Dzibilchaltún is the “place where there is writing on the stones,” referring to the many memorial stones found at the site. Dzibilchaltún is a great Maya city that is only 15 km. from Mérida.
There were settlements here from 500 BC until the Spanish conquest, around 1540 AD. It covers an area of about 19 square kilometers, with somewhere around 8400 structures in the round enclave. It is believed there may have been a population of as many as 40,000 inhabitants, making it one of the largest cities of Mesoamerica.
To reach the archaeological site, walk the winding path past ancient Maya stone sculptures. Enjoy the comprehensive and well-designed air-conditioned Museum of the Maya People, tracing the steps of the Maya from antiquity to the present. One of its highlights is a typical Maya house. Then follow the ecological path flanked by trees from the region, identified with their names. This will take you to the Temple of the Seven Dolls.
The Temple of the Seven Dolls is also known as the Temple of the Sun, a square structure which was the focal point of the city. This second name may come from the phenomenon which takes place twice yearly, at the spring and fall equinoxes, when the rising sun is visible through one window and out the other, a tribute to the incredible mathematical knowledge of the Maya. The temple is connected to the rest of the site by a sacbé, or “white road,” so called because they were originally coated with white limestone, built over stone and rubble fill.
The more well-known name, Temple of the Seven Dolls, comes from the seven small coarsely made effigy dolls found in the interior of the temple. The one-story square building has a central chamber surrounded by a corridor. There are four entrances with windows alongside each one, facing east and west. It may have been used as an astronomical observatory. The roof was like a tower, which projected upwards from a vaulted ceiling. There are steps on all four sides of the building, which was built on a pyramid-shaped pedestal. There are eight stucco masks on the frieze of the temple, as well as serpents and glyphs, and beads, sea animals, and feathers, all made in carved stucco. It wasn’t until the 1950s that archaeologists discovered the temple buried under another building: for some reason around 800 AD, the temple was filled with rocks and then covered by another larger building. The remains of this second structure still partially cover it. Many other temples on the grounds have also been rebuilt and restored.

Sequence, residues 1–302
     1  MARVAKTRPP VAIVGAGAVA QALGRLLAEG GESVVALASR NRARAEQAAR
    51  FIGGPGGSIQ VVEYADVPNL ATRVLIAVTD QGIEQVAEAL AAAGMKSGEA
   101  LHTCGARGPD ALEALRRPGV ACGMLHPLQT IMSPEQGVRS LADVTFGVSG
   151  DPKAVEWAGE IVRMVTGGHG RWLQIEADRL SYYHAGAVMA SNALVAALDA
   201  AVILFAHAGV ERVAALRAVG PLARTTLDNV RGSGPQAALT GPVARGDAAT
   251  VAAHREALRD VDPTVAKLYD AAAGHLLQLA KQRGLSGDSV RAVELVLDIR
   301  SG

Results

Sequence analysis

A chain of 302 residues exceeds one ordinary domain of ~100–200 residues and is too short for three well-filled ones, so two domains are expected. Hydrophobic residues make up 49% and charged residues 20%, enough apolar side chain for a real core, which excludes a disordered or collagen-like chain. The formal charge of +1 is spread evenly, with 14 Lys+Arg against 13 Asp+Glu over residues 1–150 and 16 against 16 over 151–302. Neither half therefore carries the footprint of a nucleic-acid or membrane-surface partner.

Dzibilchaltún is a great place to wander, enjoy the peaceful surroundings, climb the structures and imagine what life must have been like there hundreds of years ago. Dzibilchaltún is also a unique National Ecological Park with hundreds of species of fauna.
Last but not least, head for the Xlacah (which means “old village”) cenote for a refreshing swim. This cenote is open to the public until 4 PM. It tends to get a little busy on weekends. One end of the cenote is very shallow, while the other is over 140 feet deep and continues on into a tunnel. Many archaeological remains have been found in the cenote.
How to get there:
To get to Dzibilchaltún, take the Mérida-Progreso highway north. After 11 km. you will see the sign to turn right. Drive for about 3 more km. You will see signs directing you to turn right after you pass the village. If you don’t have a car, you can go by combi (collective taxi) on Calle 61 x 54 y 56, Centro (You should take the one that heads to Chablekal).
- Open every day 8 am – 4.30 pm
- The entrance fee is $282 pesos non-Mexicans
- $165 pesos Mexican citizens.
- Entry fees include access to the museum.
- The site of Dzibilchaltún has various services to make the visitor comfortable: a restaurant, artisan objects in the gift shop, information booth, medical services, telephone, handicapped facilities, restrooms, and parking. We recommend hiring a guide at your arrival to explain the archaeological and astronomic wonders of this site. Hours: 8 am – 5 pm.
– Map of Dzibilchaltún
– Map of the Yucatán Peninsula
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